12 Point Inspection Buying a Used Truck

My darling Boudicca

My darling Boudicca

Once I realized that a Toyota Tacama 2006 4wd was out of my price range I started looking at e-bay and craigslist for the ideal journey truck. I have a few must-haves. It must have 4wd. It must have manual transmission. The would-prefer list includes an 8’bed, no heavy hauling in the past, rust cosmetic only and all windows intact. It has to be local so I can inspect it first.

205,000 miles $1,500

205,000 miles $1,500, but lives in Cleveland

Then I started thinking about the other defects I should spot before committing to purchase the truck. Wonderful Mother Earth News gave these helpful hints when one is buying a used truck:

Mother Earth News’ 12 Point Truck Inspection Checklist:

  1. Examine the truck only in daylight; even a well-lit lot will conceal defects and hamper a good inspection. You should also be on level ground in order to check the fluids correctly. (One person suggested smelling the oil dipstick to check for an odor of gasoline, which indicates an expensive leak.)
  2. Check each opening and body-panel joint for fit. Run your hand along the bottom of the doors and check for hard, rusty edges. (Almost all of the trucks I saw had rust.) Check the panels along the body from back to front; if they seem wavy or uneven, check them with a magnet (plastic body repairs won’t attract a magnet). (Why do I care that they have been repaired with plastic?)
  3. If there are any raised spots on the roof, it means rust underneath. A more extended inspection of that area might be necessary if you want to buy that vehicle.
  4. Look at the inside of each tire for signs of leakage (brake fluid, grease) and tread wear.
  5. Raise the hood, remove the radiator cap and take a look at the coolant fluid. Usually it will be greenish in color. If the color seems wrong, or if the fluid has rust in it, the engine will probably have a tendency to overheat. If you are unsure of the quality of the fluid, an inexpensive tester would be a good investment. (but that is such an easy fix to have the radiator blown out and refilled, no?) Next, examine the air filter for excessive dirt, as well the surface of the engine itself. Large amounts of grease or oil deposited on the engine are an indication that it wasn’t well cared for. Look for recent engine work, like edges of new gaskets showing.  (That would be a plus, no?) Most engines will go 70,000 to 80,000 miles before any major engine work is necessary, but all motors should be checked thoroughly in case the previous owner’s favorite hobby was drag racing. (How would I know if they loved drag racing?) If the car has an automatic transmission, check the transmission dip stick. If the oil on the stick has a burnt smell (like burnt cork), back away! This usually means transmission trouble on the horizon. (no automatic for me!)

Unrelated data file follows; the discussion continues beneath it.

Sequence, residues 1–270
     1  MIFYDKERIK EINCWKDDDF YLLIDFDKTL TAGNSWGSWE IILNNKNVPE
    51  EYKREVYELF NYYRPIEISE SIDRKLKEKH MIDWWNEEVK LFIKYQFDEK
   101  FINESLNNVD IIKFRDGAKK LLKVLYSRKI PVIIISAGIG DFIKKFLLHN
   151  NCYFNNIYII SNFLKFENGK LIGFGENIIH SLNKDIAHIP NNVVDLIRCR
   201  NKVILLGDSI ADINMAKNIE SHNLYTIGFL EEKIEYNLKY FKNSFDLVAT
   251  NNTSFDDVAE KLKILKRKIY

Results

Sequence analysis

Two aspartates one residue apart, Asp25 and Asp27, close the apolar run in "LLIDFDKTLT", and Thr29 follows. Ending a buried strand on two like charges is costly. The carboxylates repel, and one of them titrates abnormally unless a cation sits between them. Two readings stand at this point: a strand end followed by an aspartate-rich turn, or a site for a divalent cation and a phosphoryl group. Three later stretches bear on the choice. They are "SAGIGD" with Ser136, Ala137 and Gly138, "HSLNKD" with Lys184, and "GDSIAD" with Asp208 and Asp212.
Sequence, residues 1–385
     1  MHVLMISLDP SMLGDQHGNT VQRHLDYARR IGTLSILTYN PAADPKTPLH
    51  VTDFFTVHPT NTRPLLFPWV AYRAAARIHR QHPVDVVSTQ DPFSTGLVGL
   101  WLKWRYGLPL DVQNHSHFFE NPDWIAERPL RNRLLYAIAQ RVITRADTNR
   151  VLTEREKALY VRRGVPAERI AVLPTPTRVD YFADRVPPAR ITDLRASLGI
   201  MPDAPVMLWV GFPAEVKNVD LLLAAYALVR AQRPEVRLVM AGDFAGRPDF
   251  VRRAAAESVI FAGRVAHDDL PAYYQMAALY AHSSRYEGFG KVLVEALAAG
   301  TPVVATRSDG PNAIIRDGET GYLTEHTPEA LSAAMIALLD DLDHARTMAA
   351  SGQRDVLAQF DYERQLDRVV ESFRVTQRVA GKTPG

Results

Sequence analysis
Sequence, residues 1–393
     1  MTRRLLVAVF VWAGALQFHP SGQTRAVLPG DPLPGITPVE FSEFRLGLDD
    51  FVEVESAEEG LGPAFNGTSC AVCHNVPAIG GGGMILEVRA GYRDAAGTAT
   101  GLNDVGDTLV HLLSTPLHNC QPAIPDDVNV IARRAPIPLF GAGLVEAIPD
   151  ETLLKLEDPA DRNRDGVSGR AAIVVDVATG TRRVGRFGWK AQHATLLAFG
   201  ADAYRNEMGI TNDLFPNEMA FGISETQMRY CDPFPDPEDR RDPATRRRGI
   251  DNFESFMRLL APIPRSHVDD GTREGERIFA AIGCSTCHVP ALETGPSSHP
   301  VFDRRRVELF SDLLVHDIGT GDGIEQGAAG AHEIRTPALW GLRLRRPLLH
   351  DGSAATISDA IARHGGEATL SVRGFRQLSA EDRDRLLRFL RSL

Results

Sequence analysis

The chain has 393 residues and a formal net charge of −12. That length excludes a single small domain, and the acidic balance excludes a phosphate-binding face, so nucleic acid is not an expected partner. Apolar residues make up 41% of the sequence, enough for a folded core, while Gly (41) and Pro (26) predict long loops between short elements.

6. Start the engine. Make sure there are no knocks or thuds. These sounds may indicate a bad crankshaft or connecting-rod bearing, and both of them are costly repairs.
  7. Set the emergency brake to see if it holds. Put it in park and let it idle while you go to the rear. Use a rag (wad it up) to cover the tailpipe outlet. If you do not feel pressure while holding the rag against the end of the tailpipe, you have a leaky exhaust (often you’ll be able to hear such a leak as well). Put your car in drive with your foot on the brake to see if it idles okay.
  8. Check all switches and extras on the car (lights, air, etc.)
  9. Drive the car at least 10 miles, shut the engine off, allow it to cool for a moment and then start it again. If the engine hesitates upon starting the second time, have it checked by a mechanic.  It’s always a good idea to take somebody with you on a test drive. The extra rider will be able to notice things like rattle and wind noise that the driver might be oblivious to.
  10. At a safe place, try a panic stop to see if the brakes behave. Next, try a rough road to see if the shocks control after bouncing. Bounce the truck’s front end — if it bounces more than three times, the shocks are worn.

Also: If a seller tells you that his ’85 pickup has 35,000 miles on it, check for a few things, such as excessive wear on the brake pedal (if the comers are worn away, there’s a lot more than 35,000 miles on the truck); wear on the armrests and upholstery; and large numbers of pits on the windshield.

Also: Eyeball the truck from the outside – do the body lines match up? Misaligned body panels can indicate frame damage due to extreme use. Take a look at the truck from the back to see if the box looks twisted compared to the cab.

All good hints. I would also check the door locks (once bought a truck and didn’t realize the locks were busted until I had to lock the doors.) and the VIN if the truck is after 1980.

Oh, this could be an extensive search. I also have to rethink finances re gas mileage, repairs, tires, etc. ad infinitum.

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